Pests on the plant and in the soil

Garden Life
From the soil, for example, “small black flies” may emerge. These are fungus gnats, which indicate that the plant ís standing too wet. Check the water drainage of the plant container and reduce the watering quantity. Small insects hopping away, so-called springtails, indicate very moist potting soil. The above-mentioned information also applies in this case. You can also catch the animals by cutting a small potato in half and hollowing out the halves. Place the halves on the pot substrate with their cut surfaces facing downwards. The springtails will enter the potato halves and together with these can be disposed of on the compost or in the biowaste bin.
If, on the other hand, ants have populated a root ball, the opposite reaction applies: completely immerse the root ball for approximately half an hour in a bucket of water in order to drown the ants. Then allow the root ball to dry out thoroughly.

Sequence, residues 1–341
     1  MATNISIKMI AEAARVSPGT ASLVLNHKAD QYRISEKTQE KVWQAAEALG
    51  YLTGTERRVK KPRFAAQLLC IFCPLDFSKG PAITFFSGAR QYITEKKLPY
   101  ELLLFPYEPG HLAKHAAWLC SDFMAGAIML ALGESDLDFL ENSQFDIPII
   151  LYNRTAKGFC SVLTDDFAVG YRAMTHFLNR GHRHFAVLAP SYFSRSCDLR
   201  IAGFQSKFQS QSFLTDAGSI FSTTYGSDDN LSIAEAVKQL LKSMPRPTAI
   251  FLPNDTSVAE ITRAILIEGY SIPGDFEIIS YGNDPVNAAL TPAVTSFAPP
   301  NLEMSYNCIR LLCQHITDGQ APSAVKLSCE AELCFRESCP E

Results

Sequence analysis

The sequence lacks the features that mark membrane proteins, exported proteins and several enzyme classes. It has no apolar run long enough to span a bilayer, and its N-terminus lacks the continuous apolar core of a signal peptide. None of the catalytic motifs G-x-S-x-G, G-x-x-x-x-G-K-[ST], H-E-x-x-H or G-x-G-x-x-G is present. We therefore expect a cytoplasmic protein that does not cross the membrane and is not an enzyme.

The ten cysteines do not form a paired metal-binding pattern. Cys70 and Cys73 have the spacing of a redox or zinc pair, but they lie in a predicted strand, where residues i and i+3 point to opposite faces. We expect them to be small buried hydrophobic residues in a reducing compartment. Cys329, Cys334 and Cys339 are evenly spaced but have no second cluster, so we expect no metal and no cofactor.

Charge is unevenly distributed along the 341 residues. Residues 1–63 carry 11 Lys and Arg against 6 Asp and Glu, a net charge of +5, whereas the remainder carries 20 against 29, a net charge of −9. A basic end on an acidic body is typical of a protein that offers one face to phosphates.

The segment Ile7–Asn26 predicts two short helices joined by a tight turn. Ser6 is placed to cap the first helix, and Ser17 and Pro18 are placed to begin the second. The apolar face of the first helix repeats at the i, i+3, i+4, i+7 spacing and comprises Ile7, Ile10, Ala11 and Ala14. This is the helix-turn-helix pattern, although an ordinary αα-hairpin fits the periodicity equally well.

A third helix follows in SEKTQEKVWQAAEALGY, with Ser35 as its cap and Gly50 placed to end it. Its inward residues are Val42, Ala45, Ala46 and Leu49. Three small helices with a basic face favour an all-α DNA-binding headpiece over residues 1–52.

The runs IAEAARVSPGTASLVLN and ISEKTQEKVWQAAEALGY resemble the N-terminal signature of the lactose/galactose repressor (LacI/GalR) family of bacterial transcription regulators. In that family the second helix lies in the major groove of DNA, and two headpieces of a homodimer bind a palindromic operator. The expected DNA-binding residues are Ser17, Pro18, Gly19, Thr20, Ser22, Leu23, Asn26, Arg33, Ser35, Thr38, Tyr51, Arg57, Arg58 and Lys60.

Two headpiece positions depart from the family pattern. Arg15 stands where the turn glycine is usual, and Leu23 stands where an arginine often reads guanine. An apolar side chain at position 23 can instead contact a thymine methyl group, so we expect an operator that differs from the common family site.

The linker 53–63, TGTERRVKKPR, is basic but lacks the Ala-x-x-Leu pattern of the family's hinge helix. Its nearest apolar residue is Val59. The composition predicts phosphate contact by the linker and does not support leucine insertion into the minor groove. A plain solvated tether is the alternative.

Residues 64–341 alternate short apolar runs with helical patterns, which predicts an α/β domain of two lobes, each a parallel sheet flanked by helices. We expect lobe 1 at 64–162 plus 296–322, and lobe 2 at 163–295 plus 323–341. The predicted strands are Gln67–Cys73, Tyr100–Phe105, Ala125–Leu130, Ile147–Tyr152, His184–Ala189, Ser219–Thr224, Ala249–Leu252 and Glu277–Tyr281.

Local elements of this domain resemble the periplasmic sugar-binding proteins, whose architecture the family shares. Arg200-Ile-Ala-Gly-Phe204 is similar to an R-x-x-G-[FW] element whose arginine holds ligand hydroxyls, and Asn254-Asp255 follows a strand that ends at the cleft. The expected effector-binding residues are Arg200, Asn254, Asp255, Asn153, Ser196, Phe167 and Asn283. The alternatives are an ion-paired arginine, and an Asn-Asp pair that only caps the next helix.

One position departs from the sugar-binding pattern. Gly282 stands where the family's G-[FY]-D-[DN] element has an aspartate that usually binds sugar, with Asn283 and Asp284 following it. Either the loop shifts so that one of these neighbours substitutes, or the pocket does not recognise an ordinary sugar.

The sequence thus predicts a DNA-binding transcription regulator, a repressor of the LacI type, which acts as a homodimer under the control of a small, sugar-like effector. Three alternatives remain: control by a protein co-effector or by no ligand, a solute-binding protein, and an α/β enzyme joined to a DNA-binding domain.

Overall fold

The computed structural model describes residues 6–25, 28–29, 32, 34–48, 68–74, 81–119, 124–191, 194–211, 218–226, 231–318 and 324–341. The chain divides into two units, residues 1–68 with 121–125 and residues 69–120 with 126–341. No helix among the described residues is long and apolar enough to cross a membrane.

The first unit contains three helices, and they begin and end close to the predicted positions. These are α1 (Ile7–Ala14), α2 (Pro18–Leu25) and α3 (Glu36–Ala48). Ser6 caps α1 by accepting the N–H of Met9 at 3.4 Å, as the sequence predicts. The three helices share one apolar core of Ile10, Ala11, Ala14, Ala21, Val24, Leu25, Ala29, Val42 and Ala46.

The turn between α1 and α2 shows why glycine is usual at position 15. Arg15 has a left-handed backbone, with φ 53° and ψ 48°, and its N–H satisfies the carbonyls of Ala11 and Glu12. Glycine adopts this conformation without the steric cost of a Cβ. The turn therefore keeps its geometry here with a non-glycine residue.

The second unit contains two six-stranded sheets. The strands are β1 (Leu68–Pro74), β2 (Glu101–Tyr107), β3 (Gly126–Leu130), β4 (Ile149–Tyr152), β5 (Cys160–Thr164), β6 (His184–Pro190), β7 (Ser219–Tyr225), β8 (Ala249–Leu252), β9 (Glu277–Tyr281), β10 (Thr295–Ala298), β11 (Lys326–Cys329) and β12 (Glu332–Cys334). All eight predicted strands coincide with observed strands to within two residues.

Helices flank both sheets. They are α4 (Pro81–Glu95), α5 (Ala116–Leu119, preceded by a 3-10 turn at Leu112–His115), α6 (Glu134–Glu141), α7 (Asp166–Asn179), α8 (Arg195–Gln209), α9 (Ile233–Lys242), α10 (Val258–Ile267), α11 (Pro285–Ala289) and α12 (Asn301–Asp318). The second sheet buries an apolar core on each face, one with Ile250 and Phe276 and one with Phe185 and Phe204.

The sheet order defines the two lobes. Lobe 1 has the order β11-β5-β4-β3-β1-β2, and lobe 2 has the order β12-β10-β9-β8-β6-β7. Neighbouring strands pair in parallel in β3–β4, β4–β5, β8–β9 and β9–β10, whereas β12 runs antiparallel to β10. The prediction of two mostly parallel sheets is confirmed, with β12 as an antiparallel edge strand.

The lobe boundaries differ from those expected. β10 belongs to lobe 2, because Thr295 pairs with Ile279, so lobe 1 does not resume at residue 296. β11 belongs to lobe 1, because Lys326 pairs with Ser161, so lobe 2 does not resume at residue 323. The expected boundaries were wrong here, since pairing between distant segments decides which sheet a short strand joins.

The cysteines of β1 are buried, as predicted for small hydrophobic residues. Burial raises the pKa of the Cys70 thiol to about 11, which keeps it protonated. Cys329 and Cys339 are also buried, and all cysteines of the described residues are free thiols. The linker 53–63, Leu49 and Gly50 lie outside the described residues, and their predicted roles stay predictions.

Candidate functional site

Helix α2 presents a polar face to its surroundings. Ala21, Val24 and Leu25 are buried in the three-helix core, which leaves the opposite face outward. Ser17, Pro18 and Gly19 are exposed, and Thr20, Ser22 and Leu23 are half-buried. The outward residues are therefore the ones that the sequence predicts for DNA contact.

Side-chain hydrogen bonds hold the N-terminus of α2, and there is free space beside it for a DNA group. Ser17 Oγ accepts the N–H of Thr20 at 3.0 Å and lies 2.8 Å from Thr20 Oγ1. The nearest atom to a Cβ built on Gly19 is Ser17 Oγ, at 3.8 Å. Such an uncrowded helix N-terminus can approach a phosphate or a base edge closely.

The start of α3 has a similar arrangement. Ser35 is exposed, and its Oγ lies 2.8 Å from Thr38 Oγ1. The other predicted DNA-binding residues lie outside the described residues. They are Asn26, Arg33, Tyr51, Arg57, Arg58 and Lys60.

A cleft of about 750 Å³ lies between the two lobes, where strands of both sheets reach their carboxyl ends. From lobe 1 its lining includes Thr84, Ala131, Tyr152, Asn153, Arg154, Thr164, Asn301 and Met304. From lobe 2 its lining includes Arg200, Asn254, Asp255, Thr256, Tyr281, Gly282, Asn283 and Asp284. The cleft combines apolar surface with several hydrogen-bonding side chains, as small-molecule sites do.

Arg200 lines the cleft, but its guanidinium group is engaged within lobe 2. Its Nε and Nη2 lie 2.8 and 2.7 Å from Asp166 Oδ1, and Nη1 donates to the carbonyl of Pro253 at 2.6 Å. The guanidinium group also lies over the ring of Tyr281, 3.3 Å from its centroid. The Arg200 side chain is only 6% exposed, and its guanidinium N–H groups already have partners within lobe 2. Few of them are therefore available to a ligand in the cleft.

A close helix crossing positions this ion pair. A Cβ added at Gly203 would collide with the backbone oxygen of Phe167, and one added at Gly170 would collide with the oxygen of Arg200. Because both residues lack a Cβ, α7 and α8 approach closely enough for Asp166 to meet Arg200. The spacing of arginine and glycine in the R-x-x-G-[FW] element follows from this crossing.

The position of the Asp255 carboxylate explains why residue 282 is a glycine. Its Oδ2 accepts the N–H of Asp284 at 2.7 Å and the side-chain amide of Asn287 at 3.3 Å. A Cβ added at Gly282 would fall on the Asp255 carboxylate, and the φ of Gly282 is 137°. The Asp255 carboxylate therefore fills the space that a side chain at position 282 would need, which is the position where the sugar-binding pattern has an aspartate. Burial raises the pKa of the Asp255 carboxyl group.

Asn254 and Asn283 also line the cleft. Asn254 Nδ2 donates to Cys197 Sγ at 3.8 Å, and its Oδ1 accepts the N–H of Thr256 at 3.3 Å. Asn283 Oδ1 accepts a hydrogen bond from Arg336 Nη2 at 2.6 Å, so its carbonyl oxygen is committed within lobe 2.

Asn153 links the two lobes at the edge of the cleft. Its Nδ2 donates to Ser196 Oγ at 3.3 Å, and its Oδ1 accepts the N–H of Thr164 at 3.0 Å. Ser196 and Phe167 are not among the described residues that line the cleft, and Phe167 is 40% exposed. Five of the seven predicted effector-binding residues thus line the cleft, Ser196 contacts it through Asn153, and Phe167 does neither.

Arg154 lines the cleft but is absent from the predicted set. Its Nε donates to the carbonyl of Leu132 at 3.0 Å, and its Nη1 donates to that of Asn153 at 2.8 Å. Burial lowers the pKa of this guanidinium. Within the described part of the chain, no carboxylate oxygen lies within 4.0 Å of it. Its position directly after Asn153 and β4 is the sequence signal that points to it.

Pick off snails from pot and tub plants. In locations at risk from snails, you can also put down environmentally-friendly snail bait (active agent e.g. iron-III-phosphate). You can make it difficult for the snails to access the pot by turning over a saucer which is larger than the plant pot, placing it on a brick or a block of wood and placing the tub plant on this construction. Ensure that the plant stands firmly!

You can combat pests on the plant in a summer garden, such as greenfly, mealy bugs and scale insects, relatively easily by spraying regularly with an environmentally friendly potassium soap or oil preparation from a specialised dealer. There you can also obtain chemical pesticides, which you can pour or insert in the moist pot soil as sticks. With both options, the plant absorbs the poison via its roots and distributes it in its plant tissue, from where it absorbs the pests. 

Due to the special effect of these pesticides, they are not suitable for all edible pot and tub plants (such as herbs, citrus plants, figs)!

Tip: Whitefly (Bemisia tabaci) have their favourites. They particularly like to inhabit angel’s trumpet and fuchsia, aubergines and tomatoes. If you therefore cultivate these plants, ensure that they do not mutually infect each other if populated by the insect!